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not this turkey.jpgAJL Notable Book 2017. Although Mel and his family have lived in America for several years, they have never celebrated Thanksgiving, just the Jewish holidays. But this year, after papa wins a turkey at work, Mama invites all their relatives to their Brooklyn tenement for dinner. But, after finding out that the old turkey is too tough to eat, the family solves the problem by asking all the guests bring their country’s own special traditional food to the meal. The new immigrants are thankful to be celebrating their first Thanksgiving together, with or without the traditional turkey.

Gabriel’s Horn by Eric Kimmel illustrated by Maria Surducan

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gabriels horn_webAJL Notable Book 2017. On the eve of Rosh Hashanah, an African-American soldier knocks at on the door of a Jewish family’s antiques store and hands the boy Gabriel an old neglected horn that belonged to the enlisted man’s grandfather, requesting that the antiques-store owners keep it during his deployment. Kimmel has updated his story “The Samovar” about the legendary character Elijah who can take on numerous disguises—like a soldier—to help and influence those less fortunate. The czarist Russian setting is remade into a contemporary American integrated urban community. Over the years Gabriel engages in tzedakah and the horn magically brightens each time until it’s gleaming shine represents Gabriel’s family’s acts of kindness and new prosperity.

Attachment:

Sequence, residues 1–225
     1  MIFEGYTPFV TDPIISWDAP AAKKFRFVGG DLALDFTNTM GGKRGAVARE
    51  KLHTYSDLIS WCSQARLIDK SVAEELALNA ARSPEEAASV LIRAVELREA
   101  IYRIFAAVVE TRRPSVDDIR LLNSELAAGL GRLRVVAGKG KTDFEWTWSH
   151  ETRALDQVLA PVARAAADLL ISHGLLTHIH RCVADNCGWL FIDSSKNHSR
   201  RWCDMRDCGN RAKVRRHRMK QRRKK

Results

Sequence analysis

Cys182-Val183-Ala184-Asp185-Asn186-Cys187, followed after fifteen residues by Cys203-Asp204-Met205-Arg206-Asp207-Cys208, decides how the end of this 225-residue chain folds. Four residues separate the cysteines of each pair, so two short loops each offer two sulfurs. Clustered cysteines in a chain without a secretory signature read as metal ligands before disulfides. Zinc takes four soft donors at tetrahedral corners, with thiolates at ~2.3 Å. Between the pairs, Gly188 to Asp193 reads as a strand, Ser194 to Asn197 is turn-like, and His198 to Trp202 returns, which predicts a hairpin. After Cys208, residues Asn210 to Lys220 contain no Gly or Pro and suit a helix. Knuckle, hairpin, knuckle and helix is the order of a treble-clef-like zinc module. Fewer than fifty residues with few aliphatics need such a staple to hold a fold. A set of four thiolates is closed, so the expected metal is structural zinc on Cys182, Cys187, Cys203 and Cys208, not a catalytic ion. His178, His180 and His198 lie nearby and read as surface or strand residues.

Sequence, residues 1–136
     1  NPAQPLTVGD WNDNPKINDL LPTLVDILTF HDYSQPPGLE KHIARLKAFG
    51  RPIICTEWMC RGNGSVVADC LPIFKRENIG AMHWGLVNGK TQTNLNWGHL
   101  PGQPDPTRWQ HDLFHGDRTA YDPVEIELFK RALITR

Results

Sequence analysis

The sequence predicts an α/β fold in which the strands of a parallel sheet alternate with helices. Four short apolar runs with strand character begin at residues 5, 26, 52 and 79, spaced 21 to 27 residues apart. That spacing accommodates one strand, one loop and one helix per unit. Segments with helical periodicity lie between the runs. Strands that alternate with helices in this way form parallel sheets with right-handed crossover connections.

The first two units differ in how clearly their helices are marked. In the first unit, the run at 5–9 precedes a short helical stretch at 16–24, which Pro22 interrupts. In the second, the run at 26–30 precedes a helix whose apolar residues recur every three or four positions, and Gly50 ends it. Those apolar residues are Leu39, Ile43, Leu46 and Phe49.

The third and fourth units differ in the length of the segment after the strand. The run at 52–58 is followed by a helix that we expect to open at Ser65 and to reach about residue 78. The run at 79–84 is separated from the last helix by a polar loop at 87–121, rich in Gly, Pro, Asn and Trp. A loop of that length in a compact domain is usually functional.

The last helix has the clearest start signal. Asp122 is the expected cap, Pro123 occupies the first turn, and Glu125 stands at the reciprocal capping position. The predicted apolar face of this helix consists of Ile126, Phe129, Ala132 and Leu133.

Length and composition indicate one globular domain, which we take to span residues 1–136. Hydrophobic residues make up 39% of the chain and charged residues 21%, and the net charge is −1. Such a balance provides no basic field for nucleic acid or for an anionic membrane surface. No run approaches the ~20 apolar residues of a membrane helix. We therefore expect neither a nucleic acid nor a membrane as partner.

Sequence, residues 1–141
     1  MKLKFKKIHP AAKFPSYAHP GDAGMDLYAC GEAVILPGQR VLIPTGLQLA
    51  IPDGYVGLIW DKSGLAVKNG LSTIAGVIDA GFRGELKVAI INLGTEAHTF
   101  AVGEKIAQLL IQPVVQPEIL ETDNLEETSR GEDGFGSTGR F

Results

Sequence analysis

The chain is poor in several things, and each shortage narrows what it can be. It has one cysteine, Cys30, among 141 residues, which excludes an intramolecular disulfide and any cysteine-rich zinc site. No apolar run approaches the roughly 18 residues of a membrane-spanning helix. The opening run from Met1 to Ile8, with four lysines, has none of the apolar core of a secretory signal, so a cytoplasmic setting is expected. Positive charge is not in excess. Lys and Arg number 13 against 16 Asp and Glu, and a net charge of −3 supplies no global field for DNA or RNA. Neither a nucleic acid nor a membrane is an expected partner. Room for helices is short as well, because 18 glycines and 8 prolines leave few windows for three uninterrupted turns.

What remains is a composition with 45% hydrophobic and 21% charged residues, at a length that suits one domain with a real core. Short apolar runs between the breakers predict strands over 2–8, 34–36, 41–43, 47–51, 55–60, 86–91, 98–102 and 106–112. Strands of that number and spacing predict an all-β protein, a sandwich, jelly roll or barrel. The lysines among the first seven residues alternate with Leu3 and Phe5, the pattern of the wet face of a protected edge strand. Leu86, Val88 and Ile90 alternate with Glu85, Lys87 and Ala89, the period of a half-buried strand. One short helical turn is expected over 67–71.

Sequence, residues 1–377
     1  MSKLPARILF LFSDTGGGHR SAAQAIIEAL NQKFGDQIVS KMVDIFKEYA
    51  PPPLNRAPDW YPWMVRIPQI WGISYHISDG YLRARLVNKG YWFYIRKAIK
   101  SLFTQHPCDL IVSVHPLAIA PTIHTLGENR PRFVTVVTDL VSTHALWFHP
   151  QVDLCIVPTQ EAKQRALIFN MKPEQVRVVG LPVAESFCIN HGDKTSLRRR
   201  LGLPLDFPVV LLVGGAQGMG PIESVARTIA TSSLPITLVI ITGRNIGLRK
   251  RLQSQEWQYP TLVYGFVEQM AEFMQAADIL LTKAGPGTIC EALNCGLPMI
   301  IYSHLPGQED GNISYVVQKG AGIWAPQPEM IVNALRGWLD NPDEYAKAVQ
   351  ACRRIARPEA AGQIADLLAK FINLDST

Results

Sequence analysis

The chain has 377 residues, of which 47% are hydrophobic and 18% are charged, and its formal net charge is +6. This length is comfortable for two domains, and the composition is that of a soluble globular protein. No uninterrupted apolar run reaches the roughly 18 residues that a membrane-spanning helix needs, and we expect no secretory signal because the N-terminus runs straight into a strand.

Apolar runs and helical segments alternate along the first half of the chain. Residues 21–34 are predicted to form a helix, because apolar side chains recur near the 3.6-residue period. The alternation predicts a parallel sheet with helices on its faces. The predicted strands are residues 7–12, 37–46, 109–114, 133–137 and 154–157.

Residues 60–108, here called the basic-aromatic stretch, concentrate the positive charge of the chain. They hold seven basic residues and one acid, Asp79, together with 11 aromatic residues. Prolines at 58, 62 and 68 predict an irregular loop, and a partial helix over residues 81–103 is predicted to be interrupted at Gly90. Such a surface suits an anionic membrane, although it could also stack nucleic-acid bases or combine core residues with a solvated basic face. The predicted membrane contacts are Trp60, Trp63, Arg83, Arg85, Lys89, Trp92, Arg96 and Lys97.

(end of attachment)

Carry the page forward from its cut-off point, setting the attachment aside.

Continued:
Chicken Soup, Chicken Soup by Pamela Mayer, illustraed by Deborah Melmon

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chicken soup_webAJL Notable Book 2017. “Two Grandmas. Two delicious recipes. And one granddaughter caught in the middle. Sophie loves Bubbe’s Jewish chicken soup made with kreplach. She also loves Nai Nai’s Chinese chicken soup, with wonton. But don’t tell Bubbe and Nai Nai that their soups are the same. The grandmothers are miffed when Sophie calls the dumplings in their soups by the wrong terminology. The grandmothers are quick to point out the differences between kreplach and wonton, but Sophie has a plan to show her elders how good a mixture of “a little Jewish, a little Chinese—a lot like me” can be.